Unlike the other financial aid options, you must repay loans. Contrary to popular belief, there are many types of loans and ways to repay them, and with some careful consideration and planning, loans will not be too difficult to pay off (though they may take some time, depending on the type of loan and the amount you borrow). There are also options to defer or delay payment if necessary and a loan “grace” period, during which you do not have to start paying back your loan until 6 months after you graduate or drop below half-time enrollment.

There are 2 types of loans: federal loans and private loans. Federal student loans come from the federal government and have lower interest rates and have more flexible repayment options. Private student loans come from banks, credit unions, and other financial institutions and usually have higher interest rates and less repayment options. For a comparison of federal and private loans:

Most students need some kind of loan to help pay for college. Aim to have scholarships, grants, and work-study (and family contributions, if possible) be the source of the majority of your financial aid and take out as little loans as possible. If you must take out a loan, try to have the majority of it be a federal student loan. Again, you must have completed FAFSA to receive a federal student loan:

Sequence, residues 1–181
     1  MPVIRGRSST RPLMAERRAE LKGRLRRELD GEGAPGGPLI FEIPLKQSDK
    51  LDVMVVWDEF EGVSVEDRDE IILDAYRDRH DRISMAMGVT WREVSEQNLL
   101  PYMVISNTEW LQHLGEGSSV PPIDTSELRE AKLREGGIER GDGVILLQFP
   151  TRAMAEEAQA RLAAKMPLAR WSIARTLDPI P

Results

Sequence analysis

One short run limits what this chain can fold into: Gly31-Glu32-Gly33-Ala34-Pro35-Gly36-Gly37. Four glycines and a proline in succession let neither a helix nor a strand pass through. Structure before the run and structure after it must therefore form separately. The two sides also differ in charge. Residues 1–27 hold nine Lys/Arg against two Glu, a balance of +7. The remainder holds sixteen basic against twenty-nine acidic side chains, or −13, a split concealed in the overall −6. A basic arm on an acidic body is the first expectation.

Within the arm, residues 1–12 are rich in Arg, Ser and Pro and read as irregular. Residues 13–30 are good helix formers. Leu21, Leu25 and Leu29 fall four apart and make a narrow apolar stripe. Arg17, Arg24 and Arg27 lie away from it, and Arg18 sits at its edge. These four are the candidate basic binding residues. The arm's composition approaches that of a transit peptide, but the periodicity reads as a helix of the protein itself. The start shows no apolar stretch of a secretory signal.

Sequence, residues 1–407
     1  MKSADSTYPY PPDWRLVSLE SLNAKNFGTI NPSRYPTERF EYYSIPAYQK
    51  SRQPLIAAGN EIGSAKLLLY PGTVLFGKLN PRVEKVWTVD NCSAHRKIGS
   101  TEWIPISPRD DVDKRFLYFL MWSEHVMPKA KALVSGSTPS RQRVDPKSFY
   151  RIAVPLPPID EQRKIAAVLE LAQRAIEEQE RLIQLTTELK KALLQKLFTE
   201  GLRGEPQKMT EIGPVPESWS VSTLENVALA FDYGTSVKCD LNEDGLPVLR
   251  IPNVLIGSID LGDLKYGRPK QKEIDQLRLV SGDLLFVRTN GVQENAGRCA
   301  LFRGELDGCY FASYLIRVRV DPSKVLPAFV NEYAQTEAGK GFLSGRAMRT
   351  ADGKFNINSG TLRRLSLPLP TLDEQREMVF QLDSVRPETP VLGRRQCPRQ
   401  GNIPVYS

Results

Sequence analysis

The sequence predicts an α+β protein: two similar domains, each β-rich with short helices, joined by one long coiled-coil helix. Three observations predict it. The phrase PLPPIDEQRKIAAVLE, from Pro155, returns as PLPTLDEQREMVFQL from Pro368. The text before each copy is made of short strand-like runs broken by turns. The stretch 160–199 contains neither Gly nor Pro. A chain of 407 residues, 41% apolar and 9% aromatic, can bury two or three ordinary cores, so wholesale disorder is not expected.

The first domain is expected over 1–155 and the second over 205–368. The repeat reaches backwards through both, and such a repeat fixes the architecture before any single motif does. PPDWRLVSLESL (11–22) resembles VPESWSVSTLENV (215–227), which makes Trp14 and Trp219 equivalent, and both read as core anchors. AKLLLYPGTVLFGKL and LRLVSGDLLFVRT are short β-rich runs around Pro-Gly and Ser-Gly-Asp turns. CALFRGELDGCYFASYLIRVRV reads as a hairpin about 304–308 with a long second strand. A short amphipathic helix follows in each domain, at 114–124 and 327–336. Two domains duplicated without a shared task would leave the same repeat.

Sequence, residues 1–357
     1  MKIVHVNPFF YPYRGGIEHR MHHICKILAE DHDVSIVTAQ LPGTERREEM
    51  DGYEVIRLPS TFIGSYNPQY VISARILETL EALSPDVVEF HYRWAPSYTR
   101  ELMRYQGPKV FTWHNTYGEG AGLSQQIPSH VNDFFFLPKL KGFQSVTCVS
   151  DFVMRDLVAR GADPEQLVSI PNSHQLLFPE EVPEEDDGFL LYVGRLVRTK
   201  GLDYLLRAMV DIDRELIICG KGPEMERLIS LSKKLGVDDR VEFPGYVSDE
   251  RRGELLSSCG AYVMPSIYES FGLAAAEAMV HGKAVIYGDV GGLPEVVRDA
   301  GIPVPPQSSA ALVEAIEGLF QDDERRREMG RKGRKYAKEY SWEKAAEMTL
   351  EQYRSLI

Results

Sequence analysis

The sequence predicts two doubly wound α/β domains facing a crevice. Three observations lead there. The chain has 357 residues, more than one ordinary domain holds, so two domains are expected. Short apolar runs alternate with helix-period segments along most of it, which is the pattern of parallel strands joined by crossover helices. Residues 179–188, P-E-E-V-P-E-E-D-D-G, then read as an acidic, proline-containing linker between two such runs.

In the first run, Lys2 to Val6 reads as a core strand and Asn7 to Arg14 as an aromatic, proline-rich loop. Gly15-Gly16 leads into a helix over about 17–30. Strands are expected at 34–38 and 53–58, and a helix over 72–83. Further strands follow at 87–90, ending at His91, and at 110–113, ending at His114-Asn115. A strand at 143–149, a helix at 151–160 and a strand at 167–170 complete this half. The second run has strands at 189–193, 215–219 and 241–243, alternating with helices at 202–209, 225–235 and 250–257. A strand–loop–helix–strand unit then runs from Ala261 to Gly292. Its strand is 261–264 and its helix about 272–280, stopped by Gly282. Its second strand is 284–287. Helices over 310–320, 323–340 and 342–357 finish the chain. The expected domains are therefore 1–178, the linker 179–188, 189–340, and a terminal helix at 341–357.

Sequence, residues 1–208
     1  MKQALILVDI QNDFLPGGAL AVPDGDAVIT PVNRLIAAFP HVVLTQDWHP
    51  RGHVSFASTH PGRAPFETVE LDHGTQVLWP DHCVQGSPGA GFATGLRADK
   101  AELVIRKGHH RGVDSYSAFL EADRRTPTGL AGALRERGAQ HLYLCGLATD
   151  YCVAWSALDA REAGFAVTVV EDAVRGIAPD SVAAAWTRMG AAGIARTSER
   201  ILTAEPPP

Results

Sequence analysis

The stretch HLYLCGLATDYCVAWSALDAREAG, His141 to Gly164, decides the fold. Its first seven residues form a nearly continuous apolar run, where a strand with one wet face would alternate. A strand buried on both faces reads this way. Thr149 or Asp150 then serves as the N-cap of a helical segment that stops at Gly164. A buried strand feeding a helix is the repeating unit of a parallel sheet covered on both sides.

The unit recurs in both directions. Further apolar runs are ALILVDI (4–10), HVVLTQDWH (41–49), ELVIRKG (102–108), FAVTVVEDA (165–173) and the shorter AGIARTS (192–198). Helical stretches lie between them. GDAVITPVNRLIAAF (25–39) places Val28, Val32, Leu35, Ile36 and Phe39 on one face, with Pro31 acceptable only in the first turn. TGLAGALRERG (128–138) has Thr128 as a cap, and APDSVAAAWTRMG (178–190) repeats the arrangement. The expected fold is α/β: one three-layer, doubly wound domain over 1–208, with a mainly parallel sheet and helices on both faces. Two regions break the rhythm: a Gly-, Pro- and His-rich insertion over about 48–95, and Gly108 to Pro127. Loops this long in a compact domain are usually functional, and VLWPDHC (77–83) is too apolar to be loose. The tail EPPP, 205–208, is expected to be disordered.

There are 2 major federal student loans: Direct (Stafford) Loans and Perkins Loan.

The Federal Perkins Loan is a low-interest (fixed at 5%) federal student loan for students with exceptional financial need, and the school is the lender. 2 perks with the Perkins loan: the interest is always fixed at 5%, regardless of the interest on student loans set by Congress, and the grace period is 9 months after graduation instead of the usual 6 months. For more information about the Perkins Loan, check:

Most students will have a Direct (Stafford) federal loan. There are 2 main types of Direct loans: Direct Subsidized Loan and Direct Unsubsidized Loan.

Direct Subsidized Loan: The U.S. Department of Education pays the interest while you’re in school (and enrolled at least half-time) and during the “grace” period, which means you’ll be paying less overall. You must have financial need to qualify for the subsidized loan.

Direct Unsubsidized Loan: You’ll be paying the interest that accumulates

while in school and during the grace period (you can also pay only the interest while in school), which means you’ll be paying more (original amount + interest that piles up). You don’t have to have financial need to qualify for this loan, so they have less mercy on you.

More information about Direct (Stafford) loans:

Information about interest rates & how to calculate interest:

If you still need more money to pay for college, your parents can also take out a loan called the Direct PLUS Loan to help pay for your education:

If your parents decide to get a Plus loan for you, be extra good to them!



Repayment: What to Expect –

How to Manage Your Student Loans:

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